16 May, 2017Print
Brooklyn’s Pioneer Works Presents Performative Exhibition ‘Grand Ole Opera’ – Opening 6/9, Feat Concerts From Lightning Bolt, Wolf Eyes, Sleep + More
Pioneer Works is pleased to present ‘Grand Ole Opera,’ a performative exhibition by Tennessee-born artists Willie Stewart and Brent Stewart, opening June 9th and remaining on view through July 30th. The truly singular project combines art with musical performances, and will host Lightning Bolt, Sleep, Wolf Eyes + more throughout June and July. Complete performance schedule below, ticketing info here: http://bit.ly/2rnbNLG
6/11: Angel Deradoorian (free)
6/23: Lightning Bolt
6/24: Black Pus with Burning Star Core and Eartheater
7/7: Wolf Eyes, Circuit des Yeux performing as Jackie Lynn, Dreamcrusher
7/9: Unlocking the Truth
7/14 & 7/15: Sleep
7/19 & 7/20: Fushitsusha (co-presented by Blank Forms)
7/21: Hank Wood and the Hammerheads
7/28: Bob Bellerue, Pedestrian Deposit, Puce Mary
7/29: The Body, Author & Punisher, Moor Mother, Uniform
'Grand Ole Opera' is inspired by a 1944 incident in which country star Bob Wills appalled traditionalists when he performed with a drum kit on the Grand Ole Opry, and a marks the Stewarts’ institutional debut in the United States. With Willis’ iconoclastic break with tradition in mind, The Stewarts’ ‘Grand Ole Opera’ stages immersive theatrical installations that recreate their Southern heritage and childhood experiences, paying homage while complicating and transgressing the clichés of the American South.
Within ‘Grand Ole Opera,’ cinematic tableaus reveal a scorched truck tuned to AM radio, a nomadic biker bar, an endless burning sun projected inside a Revival tent, flickering television monitors and bizarre trailer-homes containing surreal sculptural landscapes and visual ephemera of both artists’ works. Adopting the role of twin brothers Romulus and Remus from the Roman Myth, the Stewarts are subjects of a video piece staged as a bar fight that casts Southern alienation in a mythological light. Finally, by transforming a traditional Southern evangelical revival tent into a venue for noise, metal and rock music performances, ‘Grand Ole Opera’ evokes Dan Graham’s influential film ‘Rock My Religion’ (1982-84).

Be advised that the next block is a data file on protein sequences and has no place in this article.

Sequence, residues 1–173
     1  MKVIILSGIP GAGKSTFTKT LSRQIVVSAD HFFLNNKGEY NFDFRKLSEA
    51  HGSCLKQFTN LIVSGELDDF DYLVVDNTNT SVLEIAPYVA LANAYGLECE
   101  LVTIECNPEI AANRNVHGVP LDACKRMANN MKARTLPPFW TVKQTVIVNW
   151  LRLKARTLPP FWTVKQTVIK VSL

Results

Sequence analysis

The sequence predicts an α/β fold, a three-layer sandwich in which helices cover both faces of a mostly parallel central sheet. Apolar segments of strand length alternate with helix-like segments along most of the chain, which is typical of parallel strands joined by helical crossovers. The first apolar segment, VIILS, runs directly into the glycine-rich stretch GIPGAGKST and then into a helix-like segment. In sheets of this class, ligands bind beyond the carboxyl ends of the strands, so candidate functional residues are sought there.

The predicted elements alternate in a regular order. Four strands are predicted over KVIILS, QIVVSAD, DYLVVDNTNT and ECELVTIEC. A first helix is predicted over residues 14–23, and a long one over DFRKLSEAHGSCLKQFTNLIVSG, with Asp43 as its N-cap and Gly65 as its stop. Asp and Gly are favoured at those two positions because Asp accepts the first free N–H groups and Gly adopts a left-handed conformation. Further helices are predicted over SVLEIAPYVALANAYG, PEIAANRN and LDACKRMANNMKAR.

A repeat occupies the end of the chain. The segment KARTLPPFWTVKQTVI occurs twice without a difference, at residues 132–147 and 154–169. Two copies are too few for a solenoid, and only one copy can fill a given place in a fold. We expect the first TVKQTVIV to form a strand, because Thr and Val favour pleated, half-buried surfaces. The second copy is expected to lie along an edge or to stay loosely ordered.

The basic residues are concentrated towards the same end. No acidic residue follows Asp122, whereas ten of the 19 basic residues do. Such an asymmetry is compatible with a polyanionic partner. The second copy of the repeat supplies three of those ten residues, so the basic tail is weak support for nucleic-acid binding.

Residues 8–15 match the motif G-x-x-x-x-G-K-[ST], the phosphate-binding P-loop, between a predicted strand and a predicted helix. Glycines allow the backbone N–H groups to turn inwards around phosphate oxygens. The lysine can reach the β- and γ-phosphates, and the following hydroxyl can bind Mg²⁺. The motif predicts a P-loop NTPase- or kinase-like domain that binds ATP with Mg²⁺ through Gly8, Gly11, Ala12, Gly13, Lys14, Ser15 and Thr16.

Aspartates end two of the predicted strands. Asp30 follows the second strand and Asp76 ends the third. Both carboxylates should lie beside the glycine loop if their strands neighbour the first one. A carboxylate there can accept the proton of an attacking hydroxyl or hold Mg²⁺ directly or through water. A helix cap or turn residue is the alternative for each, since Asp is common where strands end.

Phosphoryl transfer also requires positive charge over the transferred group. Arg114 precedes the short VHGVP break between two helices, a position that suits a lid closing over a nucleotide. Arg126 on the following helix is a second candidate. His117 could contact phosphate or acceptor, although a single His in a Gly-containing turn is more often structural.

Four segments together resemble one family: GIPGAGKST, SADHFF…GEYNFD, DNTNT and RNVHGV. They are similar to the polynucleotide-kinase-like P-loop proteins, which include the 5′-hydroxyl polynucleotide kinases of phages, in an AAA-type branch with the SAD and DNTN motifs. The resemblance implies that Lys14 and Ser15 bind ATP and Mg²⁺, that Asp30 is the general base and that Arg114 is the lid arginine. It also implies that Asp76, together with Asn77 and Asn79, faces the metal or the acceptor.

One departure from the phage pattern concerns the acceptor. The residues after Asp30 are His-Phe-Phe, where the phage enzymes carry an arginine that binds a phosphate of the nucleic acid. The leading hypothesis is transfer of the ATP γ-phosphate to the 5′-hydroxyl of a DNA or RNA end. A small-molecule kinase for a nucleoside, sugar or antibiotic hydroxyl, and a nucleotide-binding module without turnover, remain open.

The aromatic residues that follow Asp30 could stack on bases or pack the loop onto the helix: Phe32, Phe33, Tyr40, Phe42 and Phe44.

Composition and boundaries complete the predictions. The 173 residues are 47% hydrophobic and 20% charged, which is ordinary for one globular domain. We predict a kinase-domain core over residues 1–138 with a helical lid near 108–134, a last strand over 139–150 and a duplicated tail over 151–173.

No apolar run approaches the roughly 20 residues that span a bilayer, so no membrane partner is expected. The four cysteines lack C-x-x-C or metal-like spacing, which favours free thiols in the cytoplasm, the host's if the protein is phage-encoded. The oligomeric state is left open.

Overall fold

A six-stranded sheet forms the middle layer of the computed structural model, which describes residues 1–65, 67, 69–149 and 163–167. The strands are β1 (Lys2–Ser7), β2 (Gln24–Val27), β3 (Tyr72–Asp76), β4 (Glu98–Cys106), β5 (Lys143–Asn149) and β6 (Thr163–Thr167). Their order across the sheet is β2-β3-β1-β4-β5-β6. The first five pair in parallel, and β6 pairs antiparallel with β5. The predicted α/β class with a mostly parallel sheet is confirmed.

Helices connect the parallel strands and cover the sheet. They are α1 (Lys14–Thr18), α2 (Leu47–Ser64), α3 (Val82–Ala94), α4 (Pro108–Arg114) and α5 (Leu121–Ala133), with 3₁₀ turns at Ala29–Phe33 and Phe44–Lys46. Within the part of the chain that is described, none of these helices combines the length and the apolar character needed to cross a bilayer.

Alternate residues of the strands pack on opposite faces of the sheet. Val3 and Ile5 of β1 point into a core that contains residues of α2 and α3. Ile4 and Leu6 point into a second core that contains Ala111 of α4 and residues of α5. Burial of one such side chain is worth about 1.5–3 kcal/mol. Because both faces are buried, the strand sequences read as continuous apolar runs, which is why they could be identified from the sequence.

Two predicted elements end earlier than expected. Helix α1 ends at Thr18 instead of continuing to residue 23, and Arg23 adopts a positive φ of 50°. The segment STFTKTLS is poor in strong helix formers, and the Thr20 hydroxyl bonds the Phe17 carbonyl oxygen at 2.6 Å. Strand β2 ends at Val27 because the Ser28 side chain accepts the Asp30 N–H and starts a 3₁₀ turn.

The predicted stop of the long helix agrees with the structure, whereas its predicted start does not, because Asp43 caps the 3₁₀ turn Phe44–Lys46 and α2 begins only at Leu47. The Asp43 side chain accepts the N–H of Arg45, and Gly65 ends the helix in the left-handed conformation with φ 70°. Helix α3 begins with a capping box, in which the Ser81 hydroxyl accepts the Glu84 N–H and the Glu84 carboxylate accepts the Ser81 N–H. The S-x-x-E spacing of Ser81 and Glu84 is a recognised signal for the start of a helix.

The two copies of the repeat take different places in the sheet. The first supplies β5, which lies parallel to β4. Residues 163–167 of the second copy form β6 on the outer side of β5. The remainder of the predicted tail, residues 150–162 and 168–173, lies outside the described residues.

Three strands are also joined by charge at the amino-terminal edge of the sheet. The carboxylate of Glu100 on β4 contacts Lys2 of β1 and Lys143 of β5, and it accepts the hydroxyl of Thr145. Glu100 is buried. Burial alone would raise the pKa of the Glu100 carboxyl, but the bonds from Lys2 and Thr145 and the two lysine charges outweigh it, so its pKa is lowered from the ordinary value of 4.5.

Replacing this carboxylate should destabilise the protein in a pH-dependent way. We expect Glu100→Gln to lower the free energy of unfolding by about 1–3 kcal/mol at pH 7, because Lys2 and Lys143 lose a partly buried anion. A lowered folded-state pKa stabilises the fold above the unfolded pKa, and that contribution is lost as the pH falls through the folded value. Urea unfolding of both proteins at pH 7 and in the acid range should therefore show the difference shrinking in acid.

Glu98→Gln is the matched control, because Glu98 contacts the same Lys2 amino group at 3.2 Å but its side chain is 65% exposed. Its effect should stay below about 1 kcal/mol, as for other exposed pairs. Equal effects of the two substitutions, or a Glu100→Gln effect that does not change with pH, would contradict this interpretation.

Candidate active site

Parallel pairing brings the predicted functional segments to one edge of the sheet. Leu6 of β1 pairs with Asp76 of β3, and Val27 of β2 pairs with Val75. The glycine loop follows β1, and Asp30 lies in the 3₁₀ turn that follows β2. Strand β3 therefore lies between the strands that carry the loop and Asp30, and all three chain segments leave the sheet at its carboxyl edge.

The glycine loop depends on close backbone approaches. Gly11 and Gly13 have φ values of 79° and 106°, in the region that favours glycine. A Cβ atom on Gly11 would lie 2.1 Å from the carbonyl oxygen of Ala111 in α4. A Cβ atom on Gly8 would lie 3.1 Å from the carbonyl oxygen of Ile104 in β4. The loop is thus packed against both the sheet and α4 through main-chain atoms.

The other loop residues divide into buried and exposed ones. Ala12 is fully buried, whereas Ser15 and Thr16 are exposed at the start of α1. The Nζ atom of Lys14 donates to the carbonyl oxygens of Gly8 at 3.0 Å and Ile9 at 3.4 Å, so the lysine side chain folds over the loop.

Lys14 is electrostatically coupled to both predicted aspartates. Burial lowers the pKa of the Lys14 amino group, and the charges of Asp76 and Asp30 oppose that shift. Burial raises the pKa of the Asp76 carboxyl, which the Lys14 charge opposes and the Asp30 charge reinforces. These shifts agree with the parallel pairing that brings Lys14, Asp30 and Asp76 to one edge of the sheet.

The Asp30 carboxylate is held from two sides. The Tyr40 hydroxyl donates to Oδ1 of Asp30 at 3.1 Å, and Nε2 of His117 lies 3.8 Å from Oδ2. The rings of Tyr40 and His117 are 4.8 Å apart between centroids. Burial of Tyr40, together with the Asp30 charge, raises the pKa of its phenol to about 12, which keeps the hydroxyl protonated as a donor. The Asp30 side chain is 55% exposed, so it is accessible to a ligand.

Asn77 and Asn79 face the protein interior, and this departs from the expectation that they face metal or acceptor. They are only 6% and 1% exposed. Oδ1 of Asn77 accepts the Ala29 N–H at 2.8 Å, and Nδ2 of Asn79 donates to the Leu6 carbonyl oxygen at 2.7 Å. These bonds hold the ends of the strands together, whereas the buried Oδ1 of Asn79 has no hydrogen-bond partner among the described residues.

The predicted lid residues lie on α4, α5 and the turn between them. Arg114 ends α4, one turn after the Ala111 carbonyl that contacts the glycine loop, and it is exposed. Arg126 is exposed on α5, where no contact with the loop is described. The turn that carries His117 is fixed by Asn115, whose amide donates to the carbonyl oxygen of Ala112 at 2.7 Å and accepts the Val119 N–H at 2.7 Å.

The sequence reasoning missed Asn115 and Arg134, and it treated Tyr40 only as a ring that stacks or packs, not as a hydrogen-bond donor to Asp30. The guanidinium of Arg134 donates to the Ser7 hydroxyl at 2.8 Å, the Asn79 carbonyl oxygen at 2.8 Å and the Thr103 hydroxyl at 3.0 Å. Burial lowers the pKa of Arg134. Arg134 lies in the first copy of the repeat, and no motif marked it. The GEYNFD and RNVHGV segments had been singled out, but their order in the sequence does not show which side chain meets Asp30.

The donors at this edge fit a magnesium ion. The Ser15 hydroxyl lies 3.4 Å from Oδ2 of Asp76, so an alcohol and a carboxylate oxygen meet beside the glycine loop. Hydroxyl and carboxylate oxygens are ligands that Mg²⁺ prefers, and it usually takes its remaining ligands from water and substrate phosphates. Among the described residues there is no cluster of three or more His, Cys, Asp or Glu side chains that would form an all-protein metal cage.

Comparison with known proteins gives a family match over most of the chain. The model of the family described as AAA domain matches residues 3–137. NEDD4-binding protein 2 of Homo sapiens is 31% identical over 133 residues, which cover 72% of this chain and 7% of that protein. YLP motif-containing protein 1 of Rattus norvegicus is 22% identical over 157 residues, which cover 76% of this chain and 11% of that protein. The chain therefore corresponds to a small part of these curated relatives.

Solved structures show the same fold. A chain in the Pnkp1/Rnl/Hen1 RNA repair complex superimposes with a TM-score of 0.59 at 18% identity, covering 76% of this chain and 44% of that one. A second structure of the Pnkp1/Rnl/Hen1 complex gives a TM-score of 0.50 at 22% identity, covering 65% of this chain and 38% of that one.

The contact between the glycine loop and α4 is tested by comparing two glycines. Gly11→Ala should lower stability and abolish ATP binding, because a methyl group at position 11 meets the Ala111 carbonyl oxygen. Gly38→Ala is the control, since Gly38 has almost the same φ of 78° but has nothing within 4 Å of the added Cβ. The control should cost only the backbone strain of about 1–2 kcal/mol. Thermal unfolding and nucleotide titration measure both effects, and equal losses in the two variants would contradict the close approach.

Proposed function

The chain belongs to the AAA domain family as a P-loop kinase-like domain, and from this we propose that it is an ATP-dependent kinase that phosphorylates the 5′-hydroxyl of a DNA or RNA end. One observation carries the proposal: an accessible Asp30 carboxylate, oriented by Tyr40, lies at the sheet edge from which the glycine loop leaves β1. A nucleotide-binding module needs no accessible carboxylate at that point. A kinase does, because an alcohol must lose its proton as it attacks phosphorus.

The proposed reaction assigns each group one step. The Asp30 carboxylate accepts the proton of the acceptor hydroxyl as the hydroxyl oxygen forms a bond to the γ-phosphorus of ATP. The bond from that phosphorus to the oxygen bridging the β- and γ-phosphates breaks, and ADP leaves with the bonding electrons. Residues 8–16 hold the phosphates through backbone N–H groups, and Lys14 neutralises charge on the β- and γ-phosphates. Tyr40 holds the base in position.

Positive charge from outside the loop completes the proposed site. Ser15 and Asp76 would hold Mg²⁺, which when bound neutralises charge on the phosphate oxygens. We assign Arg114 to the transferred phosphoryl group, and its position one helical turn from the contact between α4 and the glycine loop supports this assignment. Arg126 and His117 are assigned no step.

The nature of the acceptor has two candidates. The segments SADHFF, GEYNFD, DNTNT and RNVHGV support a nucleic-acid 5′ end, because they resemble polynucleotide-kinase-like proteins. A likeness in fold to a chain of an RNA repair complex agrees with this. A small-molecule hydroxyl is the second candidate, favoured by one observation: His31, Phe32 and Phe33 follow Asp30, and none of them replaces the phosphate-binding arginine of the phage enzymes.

Together, these installations and musical performances evoke an America that is both violent and sublime, defined less by prescribed decorum but is rather constantly mutating through a simultaneous appropriation and dissemination of culture. Objects and movements resonate with a peculiar tone and timbre: a U.S. toy soldier manufactured in China for children abroad who may later kill or be killed; relief agencies making air-drops in Haiti of Guns N’ Roses T-shirts supplied by a sweatshop in Manila; psychics selling fantasies roadside or on TV; millions of bottles of Coca-Cola floating in the trash gyre of the Pacific Northwest. The soundtrack of this America is Doom and Sludge Metal, Japanese noise music, rock and psychedelic punk.
More info on The Stewarts:
Willie Stewart was born in Gallatin, Tennessee, on December 30, 1982. His family belonged to an outlaw motorcycle club. Willie was raised by his great-grandmother, Doris, a seamstress, and he was homeschooled by his grandmother, Susan, a truck-stop waitress. On weekdays, Willie went to the truck- stop with his grandmother and played Dungeons & Dragons with the other waitresses' children. On weekends, when Willie's mother, Heidi, had free time, she brought him to concerts, including The Melvins and Kiss at The Pyramid in Memphis, Tennessee.
As a teenager, Willie got into underground music and films of the 80s and 90s. After high-school, Willie took a ten-year break from academics and studied analog electronics, played guitar professionally with Yoko Ono, and was a commercial display artist for four years before he returned to the Cooper Union to complete his Bachelor's of Fine Art degree.
Brent Stewart is native to Nashville, and is a multi-media artist. His works range from painting, photography, and video installation to feature films. He received his MFA in 2003 from Goldsmiths College, London. In 2010, his work was included in the LA-based Robert & Tiltons gallery show: “Projections: 31 of the most influential filmmakers of our time” and that same year was profiled in Filmmaker Magazine’s “25 New Faces of Independent Film”. His photography appears in the Nike- sponsored exhibition and published edition: Being True, “22 Years of American Youth”. His short film, The Dirty Ones, produced by film auteur Harmony Korine and French fashion designer agnés b, premiered at the 2009 Sundance Film Festival.
More info on Pioneer Works:
Pioneer Works is a non-profit arts center for research and experimentation in contemporary culture. Through a broad range of exhibitions, performances, arts and science residencies, and educational programs, Pioneer Works seeks to transcend traditional disciplinary boundaries, foster community, and provide a space to tangibly support and bring to life alternative modes of thought. Founded in 2012 by artist Dustin Yellin, the center is located in a 25,000-square-foot former manufacturing warehouse in Red Hook, Brooklyn.